India is a nation of a million contrasts. It has the most expensive real estate in the world and some of the poorest people on the planet. It’s a mixing bowl of religions that mostly get on. It attacks the senses like nowhere else; from sewage to orange blossom, and from extraordinary buildings such as the Taj Mahal to corrugated shanty towns. It’s extraordinary, and, somehow, it works. It’s definitely a country on the move.

The best way to see the contrasts is by road if you live to tell the tale. There are, seemingly, no rules beyond honking your horn, and the violence of that honking depends on the level of the impending crash. We drove from Agra to Jaipur during the Holi festival, when the whole of India goes mad, throwing paint and coloured powders over each other.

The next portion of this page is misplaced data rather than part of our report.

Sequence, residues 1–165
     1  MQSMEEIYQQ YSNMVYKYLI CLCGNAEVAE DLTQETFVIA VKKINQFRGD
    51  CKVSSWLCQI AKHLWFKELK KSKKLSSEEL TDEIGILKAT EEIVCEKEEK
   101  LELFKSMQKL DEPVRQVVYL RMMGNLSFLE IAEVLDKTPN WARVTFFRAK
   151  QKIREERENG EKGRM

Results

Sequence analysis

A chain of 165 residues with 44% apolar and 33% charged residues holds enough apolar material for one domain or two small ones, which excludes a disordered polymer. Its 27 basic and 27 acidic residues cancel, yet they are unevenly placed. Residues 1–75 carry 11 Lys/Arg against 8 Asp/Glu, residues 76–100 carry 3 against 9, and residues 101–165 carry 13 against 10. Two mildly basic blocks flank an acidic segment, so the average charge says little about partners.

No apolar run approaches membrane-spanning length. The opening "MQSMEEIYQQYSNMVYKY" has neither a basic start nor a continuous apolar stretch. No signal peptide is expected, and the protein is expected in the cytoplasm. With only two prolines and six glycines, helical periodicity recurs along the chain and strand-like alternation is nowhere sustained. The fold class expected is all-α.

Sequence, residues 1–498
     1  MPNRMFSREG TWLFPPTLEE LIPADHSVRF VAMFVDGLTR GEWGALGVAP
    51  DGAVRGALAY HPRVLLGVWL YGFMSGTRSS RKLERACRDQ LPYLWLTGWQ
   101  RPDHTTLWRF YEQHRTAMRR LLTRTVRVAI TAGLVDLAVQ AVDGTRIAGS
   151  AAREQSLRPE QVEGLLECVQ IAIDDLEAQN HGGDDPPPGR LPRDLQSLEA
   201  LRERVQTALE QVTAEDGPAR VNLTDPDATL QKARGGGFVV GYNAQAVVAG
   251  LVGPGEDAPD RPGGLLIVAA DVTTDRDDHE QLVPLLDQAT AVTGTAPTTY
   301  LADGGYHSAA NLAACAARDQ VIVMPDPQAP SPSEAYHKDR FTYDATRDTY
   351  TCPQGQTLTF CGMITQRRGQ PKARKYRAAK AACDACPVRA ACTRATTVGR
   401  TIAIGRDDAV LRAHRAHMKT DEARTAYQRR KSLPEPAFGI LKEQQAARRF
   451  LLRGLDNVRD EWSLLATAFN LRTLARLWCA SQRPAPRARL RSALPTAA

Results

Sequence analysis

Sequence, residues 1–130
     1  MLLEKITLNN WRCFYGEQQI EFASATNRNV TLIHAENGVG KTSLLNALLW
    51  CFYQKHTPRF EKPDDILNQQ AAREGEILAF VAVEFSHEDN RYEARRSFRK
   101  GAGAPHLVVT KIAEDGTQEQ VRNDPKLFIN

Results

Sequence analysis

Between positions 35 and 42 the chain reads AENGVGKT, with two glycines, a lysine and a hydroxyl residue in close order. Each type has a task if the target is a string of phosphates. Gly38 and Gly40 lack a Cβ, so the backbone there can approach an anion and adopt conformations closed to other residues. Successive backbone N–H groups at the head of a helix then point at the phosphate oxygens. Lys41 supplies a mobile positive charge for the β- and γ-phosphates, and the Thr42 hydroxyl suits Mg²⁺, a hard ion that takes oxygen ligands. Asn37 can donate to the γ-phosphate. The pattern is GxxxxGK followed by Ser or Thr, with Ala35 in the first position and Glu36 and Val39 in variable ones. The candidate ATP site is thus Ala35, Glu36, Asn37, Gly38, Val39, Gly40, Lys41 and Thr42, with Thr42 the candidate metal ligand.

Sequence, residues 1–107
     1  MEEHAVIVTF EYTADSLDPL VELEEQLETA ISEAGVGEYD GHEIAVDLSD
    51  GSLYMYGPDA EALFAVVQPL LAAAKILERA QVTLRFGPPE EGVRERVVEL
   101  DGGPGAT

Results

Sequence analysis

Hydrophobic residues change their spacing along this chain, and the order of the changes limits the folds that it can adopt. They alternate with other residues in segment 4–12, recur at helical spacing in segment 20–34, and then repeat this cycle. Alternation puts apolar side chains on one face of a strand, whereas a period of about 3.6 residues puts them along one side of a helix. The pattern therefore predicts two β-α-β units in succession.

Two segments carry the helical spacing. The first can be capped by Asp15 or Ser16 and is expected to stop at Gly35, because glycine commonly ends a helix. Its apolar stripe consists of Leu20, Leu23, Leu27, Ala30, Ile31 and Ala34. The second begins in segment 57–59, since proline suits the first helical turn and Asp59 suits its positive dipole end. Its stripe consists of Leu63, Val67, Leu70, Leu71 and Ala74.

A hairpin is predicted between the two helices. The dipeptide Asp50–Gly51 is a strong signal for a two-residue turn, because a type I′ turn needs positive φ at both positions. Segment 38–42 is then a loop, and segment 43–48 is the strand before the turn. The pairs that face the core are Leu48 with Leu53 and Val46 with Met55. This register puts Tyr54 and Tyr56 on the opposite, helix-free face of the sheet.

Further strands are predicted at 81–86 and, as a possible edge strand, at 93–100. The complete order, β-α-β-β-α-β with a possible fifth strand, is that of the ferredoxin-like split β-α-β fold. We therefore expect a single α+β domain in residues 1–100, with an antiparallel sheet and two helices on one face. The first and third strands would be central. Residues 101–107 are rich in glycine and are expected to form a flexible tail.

From tribes of eunuchs to camel trains, we saw more than in a lifetime on England’s roads, except, remarkably, road rage. Our driver told us that the only thing he had to miss were the hundreds of sacred cows wandering loose on the roads, which would be an ‘utter disaster’ to hit, and, perhaps, the elephants. Nothing else mattered too much. Somehow, we arrived in Jaipur unscathed and a thousand times richer for the experience.